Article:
Final Decision on Highland Estates Affordable Development Goes to Summit Council

Mar 15, 2021

Credit highlandflatspc.com

The proposed Highland Flats development is heading to the Summit County Council—but with a negative recommendation from the Snyderville Planning Commission.

 

In response to the planning commission’s vote, the developers for the project issued a statement reacting both to the vote and to criticism from neighborhood residents.

 

The Highland Flats proposal comprises 410 rental units on 41 acres located between the northeast edge of Highland Estates and Silver Creek Junction off U.S. 40 and Interstate 80.

 

Section 2.3 of the Snyderville General Plan stipulates that the county not create any new entitlements unless a compelling public benefit is provided. The developers argue they’ve done that, since 80% of the project will be dedicated to affordable or moderate-income housing.

 

But Dickey told KPCW that Section 2.3 is a very high threshold. He said it provides the county should not approve new entitlements until the existing entitlements have been significantly exhausted.

 

“There’s a bunch of unbuilt stuff that’s going to create a huge unknown, and tough-to-quantify impact, and until a lot of that gets built out, you don’t want to keep giving out new entitlements, unless it clears this really significant hurdle in the code,” he said. “I think there’s affordable housing—there are other good reasons to allow development. If you had a really good handle on what all of those impacts are going to be from development. And what the code says is what I think is true—or the general plan, rather, is that we don’t. We really don’t know what the impact of the full Canyons buildout, and all these things are. And so the threshold for me to build anything new is incredibly high.”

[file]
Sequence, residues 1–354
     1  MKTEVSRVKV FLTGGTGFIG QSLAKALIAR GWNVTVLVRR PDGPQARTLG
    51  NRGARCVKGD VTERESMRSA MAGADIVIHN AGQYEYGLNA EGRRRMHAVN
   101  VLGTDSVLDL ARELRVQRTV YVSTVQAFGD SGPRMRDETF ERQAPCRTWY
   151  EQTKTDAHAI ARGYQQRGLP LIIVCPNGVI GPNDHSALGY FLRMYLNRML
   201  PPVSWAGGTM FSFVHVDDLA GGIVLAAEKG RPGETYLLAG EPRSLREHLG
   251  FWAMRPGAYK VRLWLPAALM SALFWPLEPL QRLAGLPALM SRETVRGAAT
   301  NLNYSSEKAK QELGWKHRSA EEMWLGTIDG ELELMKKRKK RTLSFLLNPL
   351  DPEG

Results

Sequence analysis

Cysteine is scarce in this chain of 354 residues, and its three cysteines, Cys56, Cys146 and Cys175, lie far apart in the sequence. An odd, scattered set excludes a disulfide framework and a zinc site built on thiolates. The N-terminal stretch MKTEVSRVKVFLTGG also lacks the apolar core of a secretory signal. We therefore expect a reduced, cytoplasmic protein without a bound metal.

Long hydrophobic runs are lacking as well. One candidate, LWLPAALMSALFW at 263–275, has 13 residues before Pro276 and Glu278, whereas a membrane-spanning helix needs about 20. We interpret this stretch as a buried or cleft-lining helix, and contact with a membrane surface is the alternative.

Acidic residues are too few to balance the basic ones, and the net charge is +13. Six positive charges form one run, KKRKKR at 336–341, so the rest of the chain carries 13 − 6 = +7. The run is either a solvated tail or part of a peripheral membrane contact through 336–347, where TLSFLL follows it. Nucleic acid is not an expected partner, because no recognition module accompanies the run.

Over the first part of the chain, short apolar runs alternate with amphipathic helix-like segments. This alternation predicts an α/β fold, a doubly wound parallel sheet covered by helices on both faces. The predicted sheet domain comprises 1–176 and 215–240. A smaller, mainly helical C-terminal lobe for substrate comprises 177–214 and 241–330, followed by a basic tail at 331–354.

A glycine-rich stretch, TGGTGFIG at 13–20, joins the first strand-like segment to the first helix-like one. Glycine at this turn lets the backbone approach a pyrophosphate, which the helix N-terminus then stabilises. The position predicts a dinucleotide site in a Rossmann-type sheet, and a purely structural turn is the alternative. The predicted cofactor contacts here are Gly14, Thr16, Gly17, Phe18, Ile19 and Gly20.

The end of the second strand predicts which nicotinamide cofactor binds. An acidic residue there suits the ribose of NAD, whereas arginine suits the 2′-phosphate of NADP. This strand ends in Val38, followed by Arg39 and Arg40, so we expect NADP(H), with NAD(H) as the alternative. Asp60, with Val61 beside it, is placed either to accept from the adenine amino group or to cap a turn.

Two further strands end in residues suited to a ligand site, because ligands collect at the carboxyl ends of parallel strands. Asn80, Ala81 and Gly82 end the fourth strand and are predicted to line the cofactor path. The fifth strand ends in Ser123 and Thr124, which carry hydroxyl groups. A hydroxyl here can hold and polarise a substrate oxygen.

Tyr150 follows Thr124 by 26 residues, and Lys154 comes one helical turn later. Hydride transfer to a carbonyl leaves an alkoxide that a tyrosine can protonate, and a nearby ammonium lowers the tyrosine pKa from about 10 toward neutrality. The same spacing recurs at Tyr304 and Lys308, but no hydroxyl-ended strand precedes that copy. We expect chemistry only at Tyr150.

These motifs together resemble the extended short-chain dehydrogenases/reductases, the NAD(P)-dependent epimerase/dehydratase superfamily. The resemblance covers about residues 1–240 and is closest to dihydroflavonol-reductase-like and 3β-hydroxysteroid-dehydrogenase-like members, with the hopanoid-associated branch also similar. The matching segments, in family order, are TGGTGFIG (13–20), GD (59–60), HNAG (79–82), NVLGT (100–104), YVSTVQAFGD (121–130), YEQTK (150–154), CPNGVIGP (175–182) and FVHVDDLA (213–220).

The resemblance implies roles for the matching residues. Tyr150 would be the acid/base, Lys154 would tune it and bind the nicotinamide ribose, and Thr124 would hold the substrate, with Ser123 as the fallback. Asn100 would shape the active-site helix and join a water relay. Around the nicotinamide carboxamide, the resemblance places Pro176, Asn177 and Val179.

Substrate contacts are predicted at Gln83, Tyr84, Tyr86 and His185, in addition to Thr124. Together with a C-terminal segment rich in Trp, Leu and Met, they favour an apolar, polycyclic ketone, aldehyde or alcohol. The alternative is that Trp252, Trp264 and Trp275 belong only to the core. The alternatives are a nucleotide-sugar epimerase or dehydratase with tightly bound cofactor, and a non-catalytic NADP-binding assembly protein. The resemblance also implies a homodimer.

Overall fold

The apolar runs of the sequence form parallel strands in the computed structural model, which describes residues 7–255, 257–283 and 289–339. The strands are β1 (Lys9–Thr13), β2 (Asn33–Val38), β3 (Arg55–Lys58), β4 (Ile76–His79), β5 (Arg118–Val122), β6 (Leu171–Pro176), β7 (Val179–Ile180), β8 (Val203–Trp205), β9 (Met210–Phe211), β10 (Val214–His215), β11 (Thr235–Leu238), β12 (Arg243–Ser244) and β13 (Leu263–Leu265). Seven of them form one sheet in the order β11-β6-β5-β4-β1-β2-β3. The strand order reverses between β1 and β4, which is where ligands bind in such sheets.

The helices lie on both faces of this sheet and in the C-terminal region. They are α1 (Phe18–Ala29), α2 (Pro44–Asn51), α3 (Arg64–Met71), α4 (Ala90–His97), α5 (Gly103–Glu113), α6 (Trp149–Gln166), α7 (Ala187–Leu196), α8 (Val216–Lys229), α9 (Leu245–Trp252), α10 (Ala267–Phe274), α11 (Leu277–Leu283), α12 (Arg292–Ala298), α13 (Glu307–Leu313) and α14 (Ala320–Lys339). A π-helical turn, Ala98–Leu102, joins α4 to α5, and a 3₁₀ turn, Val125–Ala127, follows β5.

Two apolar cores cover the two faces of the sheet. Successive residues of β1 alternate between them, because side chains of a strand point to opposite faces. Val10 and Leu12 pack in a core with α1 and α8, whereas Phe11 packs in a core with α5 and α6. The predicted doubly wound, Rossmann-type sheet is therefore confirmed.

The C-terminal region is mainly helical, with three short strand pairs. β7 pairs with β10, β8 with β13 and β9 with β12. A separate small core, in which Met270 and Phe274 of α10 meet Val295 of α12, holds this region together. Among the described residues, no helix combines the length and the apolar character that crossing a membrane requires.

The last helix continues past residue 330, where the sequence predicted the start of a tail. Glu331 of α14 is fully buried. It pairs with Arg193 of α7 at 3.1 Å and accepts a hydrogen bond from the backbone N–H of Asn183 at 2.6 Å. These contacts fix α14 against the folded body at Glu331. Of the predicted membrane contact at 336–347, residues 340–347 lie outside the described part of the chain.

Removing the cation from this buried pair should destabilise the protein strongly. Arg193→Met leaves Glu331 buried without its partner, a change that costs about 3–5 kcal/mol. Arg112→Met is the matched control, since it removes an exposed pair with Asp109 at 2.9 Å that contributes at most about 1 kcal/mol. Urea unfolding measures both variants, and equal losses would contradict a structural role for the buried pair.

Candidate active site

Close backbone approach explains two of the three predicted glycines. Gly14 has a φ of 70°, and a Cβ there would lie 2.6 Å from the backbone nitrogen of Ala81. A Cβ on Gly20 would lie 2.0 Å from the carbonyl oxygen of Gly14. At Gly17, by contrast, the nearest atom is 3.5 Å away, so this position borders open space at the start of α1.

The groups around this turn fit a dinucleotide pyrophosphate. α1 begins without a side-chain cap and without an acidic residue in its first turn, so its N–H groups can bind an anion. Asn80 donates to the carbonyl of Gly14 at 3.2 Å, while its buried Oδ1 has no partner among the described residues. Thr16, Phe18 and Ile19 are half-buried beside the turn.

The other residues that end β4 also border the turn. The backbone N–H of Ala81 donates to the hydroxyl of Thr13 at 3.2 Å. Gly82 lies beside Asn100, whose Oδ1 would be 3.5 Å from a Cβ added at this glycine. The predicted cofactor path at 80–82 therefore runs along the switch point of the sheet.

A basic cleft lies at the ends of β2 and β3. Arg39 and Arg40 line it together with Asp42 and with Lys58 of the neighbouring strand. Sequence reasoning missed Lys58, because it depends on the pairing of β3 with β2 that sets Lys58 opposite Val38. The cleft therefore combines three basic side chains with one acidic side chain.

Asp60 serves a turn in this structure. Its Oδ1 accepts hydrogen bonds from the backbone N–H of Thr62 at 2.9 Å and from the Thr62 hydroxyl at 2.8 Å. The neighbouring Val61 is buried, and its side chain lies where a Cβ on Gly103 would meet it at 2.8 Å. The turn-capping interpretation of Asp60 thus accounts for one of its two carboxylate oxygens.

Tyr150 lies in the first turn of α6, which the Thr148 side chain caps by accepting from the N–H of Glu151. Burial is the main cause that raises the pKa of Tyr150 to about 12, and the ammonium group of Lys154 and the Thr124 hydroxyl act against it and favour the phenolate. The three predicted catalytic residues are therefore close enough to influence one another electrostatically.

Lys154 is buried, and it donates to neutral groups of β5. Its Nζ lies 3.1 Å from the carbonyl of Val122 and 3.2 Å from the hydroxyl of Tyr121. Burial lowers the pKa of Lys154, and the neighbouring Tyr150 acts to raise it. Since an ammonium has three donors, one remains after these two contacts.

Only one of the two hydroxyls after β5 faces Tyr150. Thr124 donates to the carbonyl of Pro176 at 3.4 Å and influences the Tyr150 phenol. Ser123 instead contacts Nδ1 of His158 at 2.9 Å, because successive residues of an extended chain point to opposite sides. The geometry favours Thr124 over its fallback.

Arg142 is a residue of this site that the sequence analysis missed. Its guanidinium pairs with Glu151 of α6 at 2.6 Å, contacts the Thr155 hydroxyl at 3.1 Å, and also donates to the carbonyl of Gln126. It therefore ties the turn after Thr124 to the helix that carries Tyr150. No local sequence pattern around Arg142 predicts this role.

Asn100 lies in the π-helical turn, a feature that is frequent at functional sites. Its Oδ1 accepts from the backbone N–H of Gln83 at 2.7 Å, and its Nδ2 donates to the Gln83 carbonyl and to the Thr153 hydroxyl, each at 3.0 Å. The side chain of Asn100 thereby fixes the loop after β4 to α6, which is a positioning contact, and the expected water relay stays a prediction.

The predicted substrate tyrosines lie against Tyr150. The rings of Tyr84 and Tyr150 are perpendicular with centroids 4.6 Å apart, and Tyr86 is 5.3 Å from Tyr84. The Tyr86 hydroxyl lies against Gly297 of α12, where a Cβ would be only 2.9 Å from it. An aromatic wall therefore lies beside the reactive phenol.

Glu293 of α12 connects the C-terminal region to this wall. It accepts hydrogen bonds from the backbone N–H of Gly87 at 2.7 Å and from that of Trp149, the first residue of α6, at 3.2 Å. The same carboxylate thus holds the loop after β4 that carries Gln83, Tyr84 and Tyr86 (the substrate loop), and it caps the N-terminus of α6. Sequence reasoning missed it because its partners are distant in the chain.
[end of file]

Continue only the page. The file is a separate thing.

He said the site the developers are offering is problematic for several reasons.

 

“When we look at affordable housing, this also is in a location where we wouldn’t necessarily plan to put affordable housing,” he said. “There are really no transit connections. It’s not on the major thoroughfares where folks move to go to work and to go to stores and such. It is a wildlife corridor. It’s an unattractive place for high-density housing in the first place. And that’s even after you’ve cleared the hurdle of 2.3.”

 

Another major factor, said Dickey, is the low-density neighborhood character of Highland Estates.

 

“The general plan is pretty clear on the neighborhood objective for Highland Estates, which is to reinforce the use of detached single-family residential structures, mitigate traffic impacts, comply with the future land use map, that shows that parcel as very low density,” he said. “And throughout the General Plan, there are a number of things that would need to be amended. And so I just looked at it as a project that doesn’t really make sense here, as a significant new entitlement, at a time when we have a whole lot of entitlements that haven’t been exhausted yet.”

 

 

In a statement issued after the Planning Commission vote, the developers asserted that the Snyderville Planners praised the concept plan, but voted No after extensive public comment against the project.

 

The developers said they’re going on to County Council with a location that is ideal, given its topography, utility access, minimal impairment to wildlife, inclusion in the Park City School District, proximity to public transit, and the ability for residents to travel into Park City by U.S. 40, rather than the more congested Kimball Junction.

 

They said the compelling need for affordable housing outweighs the neighbors’ objections, many of which can be addressed with smart planning.

 

In the statement, one of the applicants, Adam Breen of Breen Homes said, “We understand that neighbors will always be resistant to affordable housing no matter where it is proposed and it’s unfortunate that they want to close the door behind them and prevent those who serve the community from living here.” He said fears about an increase in crime, overcrowded schools and endangered property values are entirely unfounded.

 

And co-applicant Lance Bullen of the Colmena Group asked, if not this location, where?

 

He added, “It would be a travesty if the voices of a few drown out the needs articulated by so many.”